ENVIRONMENT

‘Are We Going To Talk About It?’ Australians Wonder When Climate Change Will Come Up

Six people have died and a thousand koalas were burned alive in unprecedented wildfires, but Australia's leader has refused to talk about climate change.

Australia has been on fire for weeks. Millions of acres have been scorched by an unprecedented spate of bushfires that have killed six people and destroyed more than 600 homes. Upwards of 1,000 koalas — one of the country’s iconic creatures — are thought to have been burned alive.

The fires have been affecting millions in the Sydney region for weeks as residents have woken up to skies darkened by smoke blown in from nearby blazes. The region’s Rural Fire Service has issued advisory after advisory warning of the health risks, and the haze has gotten so bad at points the city has recorded the highest levels of air pollution on record.

At the same time, Australian politicians have been working overtime to minimize those linking the early and destructive fire season with climate change. The country’s prime minister, Scott Morrison, has rejected assertions that the government’s decision to back some of the planet’s biggest fossil fuel projects had impacted the fire season, and even moved to punish environmental protesters with jail time for “denying the liberties of Australians.”

“The suggestion that any way shape or form that Australia, accountable for 1.3% of the world’s emissions, that the individual actions of Australia are impacting directly on specific fire events, whether it’s here or anywhere else in the world, that doesn’t bear up to credible scientific evidence either,” Morrison said last week, per The Guardian. “To suggest that … Australia doing something more or less would change the fire outcome this season — I don’t think that stands up to any credible scientific evidence at all.”

An injured koala receives treatment after its rescue from a bushfire at the Port Macquarie Koala Hospital on Nov. 19, 2019, i
An injured koala receives treatment after its rescue from a bushfire at the Port Macquarie Koala Hospital on Nov. 19, 2019, in Port Macquarie, Australia. 
A jogger runs in the morning as smoke haze hangs over the Sydney Opera House in Sydney, on Nov. 21, 2019. 
A jogger runs in the morning as smoke haze hangs over the Sydney Opera House in Sydney, on Nov. 21, 2019. 

Scientists, by and large, disagree with Morrison’s assessment, and fire officials and environmentalists alike have moved to urge the government to address its lack of climate action. The United Nations has urged countries to dramatically scale back their use of fossil fuel immediately to avert the worst effects of climate change (recent studies have found the world on track to blow past those goals). And while the origin of any natural disaster is complicated, there are clear links between a warming climate and increased bushfire risk.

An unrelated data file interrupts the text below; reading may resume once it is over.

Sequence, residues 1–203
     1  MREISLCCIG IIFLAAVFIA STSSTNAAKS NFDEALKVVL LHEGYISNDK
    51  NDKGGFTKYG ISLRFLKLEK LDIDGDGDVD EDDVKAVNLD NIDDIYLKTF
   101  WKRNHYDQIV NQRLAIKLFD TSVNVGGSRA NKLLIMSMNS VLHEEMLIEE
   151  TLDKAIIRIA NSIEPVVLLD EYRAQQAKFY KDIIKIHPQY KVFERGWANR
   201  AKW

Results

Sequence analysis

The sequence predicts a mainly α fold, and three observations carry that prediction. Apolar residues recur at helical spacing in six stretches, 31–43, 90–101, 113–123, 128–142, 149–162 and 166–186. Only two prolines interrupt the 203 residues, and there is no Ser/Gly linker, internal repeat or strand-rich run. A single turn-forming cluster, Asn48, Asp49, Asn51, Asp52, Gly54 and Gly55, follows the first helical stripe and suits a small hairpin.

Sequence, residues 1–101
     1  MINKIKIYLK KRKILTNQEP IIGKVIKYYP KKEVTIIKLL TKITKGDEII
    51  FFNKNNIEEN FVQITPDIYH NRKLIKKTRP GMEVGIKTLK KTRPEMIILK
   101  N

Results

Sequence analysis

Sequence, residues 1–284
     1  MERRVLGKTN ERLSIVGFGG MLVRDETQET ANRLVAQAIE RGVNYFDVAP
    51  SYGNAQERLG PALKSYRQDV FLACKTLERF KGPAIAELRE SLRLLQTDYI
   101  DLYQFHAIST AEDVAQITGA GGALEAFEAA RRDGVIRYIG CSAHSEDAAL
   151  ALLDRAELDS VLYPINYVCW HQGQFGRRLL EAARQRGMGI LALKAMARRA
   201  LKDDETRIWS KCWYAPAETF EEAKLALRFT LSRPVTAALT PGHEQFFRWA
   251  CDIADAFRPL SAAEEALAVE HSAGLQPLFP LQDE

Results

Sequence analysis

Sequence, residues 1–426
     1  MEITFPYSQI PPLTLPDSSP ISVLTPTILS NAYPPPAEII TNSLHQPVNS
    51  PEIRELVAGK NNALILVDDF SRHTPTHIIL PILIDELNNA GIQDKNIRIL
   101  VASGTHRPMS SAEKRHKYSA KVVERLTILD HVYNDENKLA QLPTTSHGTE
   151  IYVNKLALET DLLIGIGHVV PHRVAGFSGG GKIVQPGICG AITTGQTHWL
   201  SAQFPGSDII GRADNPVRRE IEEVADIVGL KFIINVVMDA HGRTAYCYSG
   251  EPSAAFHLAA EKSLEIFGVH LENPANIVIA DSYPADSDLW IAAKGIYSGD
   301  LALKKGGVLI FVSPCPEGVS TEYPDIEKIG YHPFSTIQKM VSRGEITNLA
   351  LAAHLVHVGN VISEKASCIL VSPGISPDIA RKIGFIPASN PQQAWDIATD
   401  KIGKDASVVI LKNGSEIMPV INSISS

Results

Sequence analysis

Earlier this month a group of former fire chiefs declared the latest season the opening of a “new age of unprecedented bushfire danger” and accused Morrison’s government of ignoring climate change because it was inconvenient.

“If we’re not going to talk about it now, when it is happening, when on earth are we going to talk about it?” Phil Koperberg, the first commissioner of the New South Wales Rural Fire Service, told the Australian Broadcasting Co. this week.

“Something is clearly changing,” Richard Thornton, the chief executive of the Bushfire and Natural Hazards Cooperative Research Center, told The New York Times last week. “And the climate is driving all of that.”

Everyday Australians haven’t shied away from trying to hold their politicians accountable. Alongside images of scorched homes, koalas have become the unwitting icon of this round of blazes. An effort by a local wildlife hospital to raise $25,000 for koalas injured by the fires has blown past that goal by orders of magnitude, garnering nearly $1.7 million.

Students across the country are also planning for a widespread day of climate protest on Friday, in hopes of urging politicians to “treat climate change for what it is — a crisis.”

“Our Government’s inaction on the climate crisis has supercharged bushfires. People are hurting. Communities like ours are being devastated. Summer hasn’t even begun,” Shiann Broderick, the leader of School Strike 4 Climate, the organizer of the protest, said in a statement last week. “But instead of taking real action on the climate crisis, our Government offers ‘thoughts, prayers’ — and more support for coal, oil and gas.”

Despite weeks of effort to contain the spate of fires, there were still 83 burning across the state of New South Wales on Tuesday morning, with thunderstorms on the way that fire officials worried could bring lightning strikes that set off new blazes.

New South Wales Premier Gladys Berejiklian said last weekend the state government stood “shoulder to shoulder with the communities affected by the recent bushfires, not just today, but in the weeks months and years ahead.” She has pledged more than $32 million for fire recovery and rebuilding efforts.

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